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Does the use of a Trademark in a software package (an NPM package for example) qualify for descriptive fair use if its usage is intended to describe how the package relates to the original trademarked program?

For example, say I want to release an NPM package named chrome-dev-tool-enhancer that does something special to enhance Chrome's Dev tools.

The name would be describing how that package's functionality is related to the Chrome browser, a trademark of Google.

It sure looks like a lot of packages on NPM, Rubygems, Hex, etc., use trademarked names in this way. Is this considered fair use?

  • This talks about trademark but the question appears to be about copyright. Please do some research and decide what you want to ask about. – Dale M Mar 9 '18 at 20:08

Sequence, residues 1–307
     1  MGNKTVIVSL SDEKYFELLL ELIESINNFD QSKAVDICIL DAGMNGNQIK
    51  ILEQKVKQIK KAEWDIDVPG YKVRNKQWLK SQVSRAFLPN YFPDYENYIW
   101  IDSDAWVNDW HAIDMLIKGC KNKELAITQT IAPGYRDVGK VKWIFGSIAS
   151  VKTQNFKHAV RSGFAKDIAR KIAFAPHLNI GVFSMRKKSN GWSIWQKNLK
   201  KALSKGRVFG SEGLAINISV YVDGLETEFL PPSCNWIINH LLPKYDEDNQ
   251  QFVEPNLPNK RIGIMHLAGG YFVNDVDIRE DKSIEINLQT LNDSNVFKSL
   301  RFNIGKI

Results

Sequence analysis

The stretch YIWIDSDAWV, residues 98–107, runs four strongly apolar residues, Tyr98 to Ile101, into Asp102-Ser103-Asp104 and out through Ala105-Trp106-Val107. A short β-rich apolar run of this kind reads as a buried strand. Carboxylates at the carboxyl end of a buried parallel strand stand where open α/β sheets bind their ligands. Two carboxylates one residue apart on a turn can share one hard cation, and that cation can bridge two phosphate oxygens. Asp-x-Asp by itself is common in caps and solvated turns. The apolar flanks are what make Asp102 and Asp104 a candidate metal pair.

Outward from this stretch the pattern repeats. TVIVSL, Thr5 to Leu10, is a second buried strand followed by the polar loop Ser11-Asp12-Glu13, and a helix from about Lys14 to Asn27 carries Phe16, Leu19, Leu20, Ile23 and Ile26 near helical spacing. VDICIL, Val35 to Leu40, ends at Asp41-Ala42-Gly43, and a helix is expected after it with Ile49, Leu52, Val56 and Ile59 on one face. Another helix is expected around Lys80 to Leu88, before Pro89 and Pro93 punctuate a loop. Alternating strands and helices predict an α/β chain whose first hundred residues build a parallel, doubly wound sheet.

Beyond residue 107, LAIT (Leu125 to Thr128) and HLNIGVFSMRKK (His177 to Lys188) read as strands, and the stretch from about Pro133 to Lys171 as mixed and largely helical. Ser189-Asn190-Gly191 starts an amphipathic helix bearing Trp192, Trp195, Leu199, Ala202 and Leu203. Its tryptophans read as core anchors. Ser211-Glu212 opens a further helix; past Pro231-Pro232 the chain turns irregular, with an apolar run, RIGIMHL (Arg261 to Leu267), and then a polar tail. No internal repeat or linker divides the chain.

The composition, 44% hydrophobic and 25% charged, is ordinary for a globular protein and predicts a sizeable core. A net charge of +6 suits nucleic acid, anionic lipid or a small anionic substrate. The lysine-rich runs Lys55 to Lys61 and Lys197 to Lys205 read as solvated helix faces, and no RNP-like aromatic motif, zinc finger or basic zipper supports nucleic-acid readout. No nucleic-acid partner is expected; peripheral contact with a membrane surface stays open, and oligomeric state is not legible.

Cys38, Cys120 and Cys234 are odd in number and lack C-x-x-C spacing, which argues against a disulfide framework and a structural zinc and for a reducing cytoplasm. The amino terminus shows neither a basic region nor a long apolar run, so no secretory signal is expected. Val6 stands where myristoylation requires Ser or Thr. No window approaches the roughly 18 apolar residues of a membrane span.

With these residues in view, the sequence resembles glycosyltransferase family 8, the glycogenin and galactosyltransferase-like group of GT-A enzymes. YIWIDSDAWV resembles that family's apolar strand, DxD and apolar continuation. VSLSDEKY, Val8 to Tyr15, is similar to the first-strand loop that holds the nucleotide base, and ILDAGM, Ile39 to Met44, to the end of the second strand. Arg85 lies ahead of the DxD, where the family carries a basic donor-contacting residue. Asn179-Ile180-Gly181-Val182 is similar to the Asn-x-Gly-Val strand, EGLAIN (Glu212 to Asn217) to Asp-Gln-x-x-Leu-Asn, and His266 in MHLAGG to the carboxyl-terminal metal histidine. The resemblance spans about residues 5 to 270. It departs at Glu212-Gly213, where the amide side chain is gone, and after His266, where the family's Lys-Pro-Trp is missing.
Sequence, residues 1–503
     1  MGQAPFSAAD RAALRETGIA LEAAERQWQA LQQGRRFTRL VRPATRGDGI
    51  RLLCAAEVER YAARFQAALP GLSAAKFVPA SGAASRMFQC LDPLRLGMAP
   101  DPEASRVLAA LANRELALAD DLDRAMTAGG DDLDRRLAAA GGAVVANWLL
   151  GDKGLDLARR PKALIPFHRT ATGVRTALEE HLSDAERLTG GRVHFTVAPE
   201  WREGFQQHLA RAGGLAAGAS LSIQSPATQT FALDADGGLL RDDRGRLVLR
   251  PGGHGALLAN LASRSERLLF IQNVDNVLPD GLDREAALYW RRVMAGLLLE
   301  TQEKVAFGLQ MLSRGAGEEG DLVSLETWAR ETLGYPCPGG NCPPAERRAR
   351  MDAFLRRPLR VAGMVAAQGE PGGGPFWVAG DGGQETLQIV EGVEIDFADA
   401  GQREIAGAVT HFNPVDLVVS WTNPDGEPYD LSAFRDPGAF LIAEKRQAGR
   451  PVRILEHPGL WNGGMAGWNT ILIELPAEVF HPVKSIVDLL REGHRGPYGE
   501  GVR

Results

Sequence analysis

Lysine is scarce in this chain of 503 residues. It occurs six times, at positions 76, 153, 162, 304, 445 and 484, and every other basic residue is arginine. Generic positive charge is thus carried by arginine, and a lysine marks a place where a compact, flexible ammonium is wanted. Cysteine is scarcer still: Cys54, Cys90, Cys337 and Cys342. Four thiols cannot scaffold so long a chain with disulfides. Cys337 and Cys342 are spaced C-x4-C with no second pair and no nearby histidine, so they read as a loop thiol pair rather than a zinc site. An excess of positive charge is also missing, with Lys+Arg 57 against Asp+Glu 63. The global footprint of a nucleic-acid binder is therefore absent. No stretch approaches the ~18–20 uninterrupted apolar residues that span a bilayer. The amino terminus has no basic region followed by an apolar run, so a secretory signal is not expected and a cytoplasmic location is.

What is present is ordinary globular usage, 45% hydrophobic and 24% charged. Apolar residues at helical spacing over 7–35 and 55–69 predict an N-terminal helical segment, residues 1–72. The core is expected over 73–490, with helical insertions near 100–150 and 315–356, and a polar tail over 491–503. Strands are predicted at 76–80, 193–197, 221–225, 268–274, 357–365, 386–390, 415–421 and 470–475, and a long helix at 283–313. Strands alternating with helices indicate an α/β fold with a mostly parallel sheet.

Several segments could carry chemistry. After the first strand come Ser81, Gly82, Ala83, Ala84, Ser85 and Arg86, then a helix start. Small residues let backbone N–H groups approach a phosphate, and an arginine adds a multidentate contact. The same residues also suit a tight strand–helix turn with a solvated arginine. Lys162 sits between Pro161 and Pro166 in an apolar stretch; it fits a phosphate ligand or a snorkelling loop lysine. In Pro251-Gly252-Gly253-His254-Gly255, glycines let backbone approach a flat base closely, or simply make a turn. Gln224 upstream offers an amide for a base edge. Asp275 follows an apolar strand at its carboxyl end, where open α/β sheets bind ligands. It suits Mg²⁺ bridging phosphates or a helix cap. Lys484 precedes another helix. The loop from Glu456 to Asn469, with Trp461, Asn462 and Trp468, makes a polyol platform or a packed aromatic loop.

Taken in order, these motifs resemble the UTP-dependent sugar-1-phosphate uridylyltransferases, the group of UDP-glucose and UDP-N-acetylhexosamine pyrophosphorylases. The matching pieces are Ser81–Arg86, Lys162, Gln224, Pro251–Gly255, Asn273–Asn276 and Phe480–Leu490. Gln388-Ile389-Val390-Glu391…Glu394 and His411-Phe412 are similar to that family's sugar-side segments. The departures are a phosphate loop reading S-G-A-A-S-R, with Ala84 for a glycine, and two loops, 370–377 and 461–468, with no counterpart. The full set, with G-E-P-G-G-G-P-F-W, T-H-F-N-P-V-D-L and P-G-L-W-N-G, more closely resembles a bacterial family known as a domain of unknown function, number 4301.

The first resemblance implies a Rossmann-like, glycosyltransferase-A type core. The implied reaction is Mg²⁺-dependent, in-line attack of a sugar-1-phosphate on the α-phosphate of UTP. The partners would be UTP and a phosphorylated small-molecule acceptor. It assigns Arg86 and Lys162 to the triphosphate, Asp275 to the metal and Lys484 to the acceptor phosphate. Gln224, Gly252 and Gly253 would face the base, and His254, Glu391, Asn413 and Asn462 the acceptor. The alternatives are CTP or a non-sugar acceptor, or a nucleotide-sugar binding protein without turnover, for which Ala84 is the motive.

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    Yes, I asked about trademark intentionally. The trademark in question is the "Chrome" mark and I have an example of it's use. – FluffyKittens Mar 9 '18 at 20:36
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    I'm not asking about the source code of Google Chrome, which is where copyright would come into play. Google maintains the Chromium project under a slightly modified GPL, but that's completely besides the point. I asked about trademark use in software package names. – FluffyKittens Mar 9 '18 at 20:37
  • but you talk about “fair use” - trademark law has no such concept – Dale M Mar 9 '18 at 20:39
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    It absolutely does. I'll link you so that you can do some research. en.m.wikipedia.org/wiki/Fair_use_(U.S._trademark_law) – FluffyKittens Mar 9 '18 at 20:39
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It seems like you've done a lot of the work for me, but yes, nominative fair use is a thing, and if your package is something that builds on Chrome dev tools, then you can probably use the Chrome mark to refer to the browser that the package is for. I would, however, be very careful to not seem like you're endorsed by Chrome. I'm pretty sure that's bad.

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